The shekel is strengthening today against the dollar and against the euro. In late morning inter-bank trading, the shekel-dollar exchange rate was down 0.60% against the dollar at NIS 3.115/$ and the shekel-euro rate was down 0.64% at NIS 3.788/€.
Yesterday, the Bank of Israel set the representative shekel-dollar rate 0.791% lower from Tuesday, at NIS 3.134/$, and the representative shekel-euro rate was set 0.716% lower, at NIS 3.813/€.
The Bank of Israel, which has been buying large amounts of foreign currency to moderate the strengthening of the shekel, is beginning to look like the Dutchman with his finger in the leaking dike. Despite purchases of $20 billion in foreign currency last year and record foreign exchange reserves of $173 billion, the shekel is still at its strongest against the dollar since 1996.
In 2019 and 2020 the shekel has been the strongest performing currency against the dollar and euro, strengthening 15% against the dollar over the two years. In the first two weeks of 2021, the shekel has already strengthened by another 2.5% against the dollar.
It is true that the past year has been extreme with various factors driving shekel gains: high-tech exports, direct investment in Israel, the current account surplus, and Israel joining the World Government Bond Index (WGBI), as well as the closure of borders because of Civid-19 and Israelis not going abroad on vacations. Some of these factors won't be felt in 2021 and hopefully millions of vaccinated Israelis will again travel abroad to spend dollars in New York, London and Dubai.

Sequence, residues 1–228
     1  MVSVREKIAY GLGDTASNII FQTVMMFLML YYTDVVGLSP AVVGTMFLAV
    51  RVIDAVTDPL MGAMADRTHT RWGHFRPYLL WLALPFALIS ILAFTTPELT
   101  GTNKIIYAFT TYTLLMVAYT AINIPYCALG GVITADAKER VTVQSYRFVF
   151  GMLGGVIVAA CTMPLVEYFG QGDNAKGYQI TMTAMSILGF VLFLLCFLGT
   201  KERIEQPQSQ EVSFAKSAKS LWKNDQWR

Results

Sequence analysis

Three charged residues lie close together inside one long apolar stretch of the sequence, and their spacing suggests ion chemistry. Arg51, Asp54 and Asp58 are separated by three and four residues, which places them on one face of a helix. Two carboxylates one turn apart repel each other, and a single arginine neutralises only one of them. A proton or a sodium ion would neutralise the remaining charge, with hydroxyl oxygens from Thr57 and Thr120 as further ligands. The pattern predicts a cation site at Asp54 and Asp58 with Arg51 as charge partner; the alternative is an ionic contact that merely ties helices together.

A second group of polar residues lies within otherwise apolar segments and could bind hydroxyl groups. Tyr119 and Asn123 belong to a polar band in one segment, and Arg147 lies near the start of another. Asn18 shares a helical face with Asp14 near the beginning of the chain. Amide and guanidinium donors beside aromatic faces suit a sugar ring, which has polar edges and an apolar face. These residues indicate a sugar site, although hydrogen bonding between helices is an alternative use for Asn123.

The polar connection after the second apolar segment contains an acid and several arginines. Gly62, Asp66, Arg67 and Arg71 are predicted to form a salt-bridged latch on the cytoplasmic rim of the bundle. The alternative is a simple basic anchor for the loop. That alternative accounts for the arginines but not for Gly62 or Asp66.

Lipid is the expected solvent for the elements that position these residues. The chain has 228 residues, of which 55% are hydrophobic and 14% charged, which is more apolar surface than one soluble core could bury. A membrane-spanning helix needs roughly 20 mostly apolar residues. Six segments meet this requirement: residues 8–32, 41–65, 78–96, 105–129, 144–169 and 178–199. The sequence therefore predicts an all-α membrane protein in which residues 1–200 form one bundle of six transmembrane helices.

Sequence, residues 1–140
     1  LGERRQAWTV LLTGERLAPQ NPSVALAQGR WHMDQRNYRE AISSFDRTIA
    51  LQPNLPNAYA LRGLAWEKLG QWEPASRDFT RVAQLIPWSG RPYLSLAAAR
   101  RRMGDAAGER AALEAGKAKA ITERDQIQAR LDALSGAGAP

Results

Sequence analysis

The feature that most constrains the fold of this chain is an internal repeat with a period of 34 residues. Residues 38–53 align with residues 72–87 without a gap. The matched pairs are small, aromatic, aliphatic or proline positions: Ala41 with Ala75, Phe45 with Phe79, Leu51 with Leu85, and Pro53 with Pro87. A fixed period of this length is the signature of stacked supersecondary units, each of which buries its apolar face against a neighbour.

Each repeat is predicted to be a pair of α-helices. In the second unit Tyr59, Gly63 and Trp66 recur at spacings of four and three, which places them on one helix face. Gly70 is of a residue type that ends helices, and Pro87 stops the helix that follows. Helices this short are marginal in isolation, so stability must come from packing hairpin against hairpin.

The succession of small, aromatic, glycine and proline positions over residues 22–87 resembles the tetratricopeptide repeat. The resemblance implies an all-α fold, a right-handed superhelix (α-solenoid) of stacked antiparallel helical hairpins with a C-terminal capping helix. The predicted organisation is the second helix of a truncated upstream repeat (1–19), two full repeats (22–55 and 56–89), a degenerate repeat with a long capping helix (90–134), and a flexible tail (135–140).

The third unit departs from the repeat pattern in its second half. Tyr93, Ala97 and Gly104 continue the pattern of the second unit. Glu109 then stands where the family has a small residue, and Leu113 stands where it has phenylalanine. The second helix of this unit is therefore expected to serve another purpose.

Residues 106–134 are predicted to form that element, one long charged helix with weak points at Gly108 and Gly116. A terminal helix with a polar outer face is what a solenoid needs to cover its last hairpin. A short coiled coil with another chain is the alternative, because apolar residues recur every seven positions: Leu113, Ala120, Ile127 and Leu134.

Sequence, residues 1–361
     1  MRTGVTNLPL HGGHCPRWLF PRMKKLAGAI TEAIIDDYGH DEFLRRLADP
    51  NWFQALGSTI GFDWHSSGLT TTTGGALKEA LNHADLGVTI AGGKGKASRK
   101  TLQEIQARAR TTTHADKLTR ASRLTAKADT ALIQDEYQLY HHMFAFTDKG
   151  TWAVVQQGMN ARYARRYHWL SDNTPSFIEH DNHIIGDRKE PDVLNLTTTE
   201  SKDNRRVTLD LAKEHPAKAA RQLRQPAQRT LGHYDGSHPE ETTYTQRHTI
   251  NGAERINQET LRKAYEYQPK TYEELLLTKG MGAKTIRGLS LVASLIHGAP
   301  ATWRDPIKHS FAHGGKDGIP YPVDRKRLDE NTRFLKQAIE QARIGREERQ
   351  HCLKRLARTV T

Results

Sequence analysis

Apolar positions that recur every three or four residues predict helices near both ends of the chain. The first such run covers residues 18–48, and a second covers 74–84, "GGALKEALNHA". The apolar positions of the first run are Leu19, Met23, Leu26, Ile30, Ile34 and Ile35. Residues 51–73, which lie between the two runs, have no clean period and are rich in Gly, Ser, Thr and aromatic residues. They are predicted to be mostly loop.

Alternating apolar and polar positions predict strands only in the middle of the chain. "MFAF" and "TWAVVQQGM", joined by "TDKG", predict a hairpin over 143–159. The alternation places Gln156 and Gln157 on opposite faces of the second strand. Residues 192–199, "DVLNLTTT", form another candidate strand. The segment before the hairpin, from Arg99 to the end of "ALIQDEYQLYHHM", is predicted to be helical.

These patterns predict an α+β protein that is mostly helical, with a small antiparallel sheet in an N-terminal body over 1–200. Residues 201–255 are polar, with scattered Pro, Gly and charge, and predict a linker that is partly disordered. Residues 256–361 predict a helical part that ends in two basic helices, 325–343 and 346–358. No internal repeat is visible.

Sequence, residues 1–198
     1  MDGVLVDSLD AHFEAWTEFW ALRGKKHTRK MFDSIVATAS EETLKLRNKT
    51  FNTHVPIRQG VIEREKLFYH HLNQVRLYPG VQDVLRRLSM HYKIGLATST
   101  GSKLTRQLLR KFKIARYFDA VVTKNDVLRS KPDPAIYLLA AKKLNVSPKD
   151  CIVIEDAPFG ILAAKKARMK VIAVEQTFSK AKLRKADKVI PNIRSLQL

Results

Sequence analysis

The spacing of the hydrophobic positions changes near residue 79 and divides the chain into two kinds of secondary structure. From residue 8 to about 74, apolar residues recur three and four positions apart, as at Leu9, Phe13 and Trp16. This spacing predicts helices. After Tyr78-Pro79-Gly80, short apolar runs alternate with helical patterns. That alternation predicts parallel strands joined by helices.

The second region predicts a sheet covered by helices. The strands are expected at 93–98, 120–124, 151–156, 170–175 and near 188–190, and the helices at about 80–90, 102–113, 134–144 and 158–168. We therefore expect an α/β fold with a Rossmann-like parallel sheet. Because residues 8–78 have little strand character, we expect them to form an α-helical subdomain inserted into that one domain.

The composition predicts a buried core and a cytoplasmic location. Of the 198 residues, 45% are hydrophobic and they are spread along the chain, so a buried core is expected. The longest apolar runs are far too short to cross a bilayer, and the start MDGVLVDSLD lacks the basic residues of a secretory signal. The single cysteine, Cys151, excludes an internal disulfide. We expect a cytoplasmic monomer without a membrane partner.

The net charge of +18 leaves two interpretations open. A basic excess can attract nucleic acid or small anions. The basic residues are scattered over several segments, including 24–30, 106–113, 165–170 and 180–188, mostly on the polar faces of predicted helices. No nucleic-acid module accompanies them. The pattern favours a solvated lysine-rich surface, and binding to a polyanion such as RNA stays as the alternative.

How would things look if the Bank of Israel halted its massive purchases of foreign currency? Presumably the shekel would have strengthened far more sharply. Like the Ministry of Health with the Covid-19 pandemic, the Bank of Israel is hoping to flatten the curve of the shekel appreciation and buy time for exporters.
But the policy raises questions and has a price. For example, while the shekel continues to strengthen the Bank of Israel's foreign currency portfolio is losing money 'on paper.'
Another tough question is whether it is right that the Bank of Israel should subsidize Israeli exporters with such large amounts. As Israeli exports have been continuing to grow in a commendable way throughout the pandemic, perhaps the time has come for the Bank of Israel to let exporters fend for themselves.
Published by Globes, Israel business news - en.globes.co.il - on January 14, 2021
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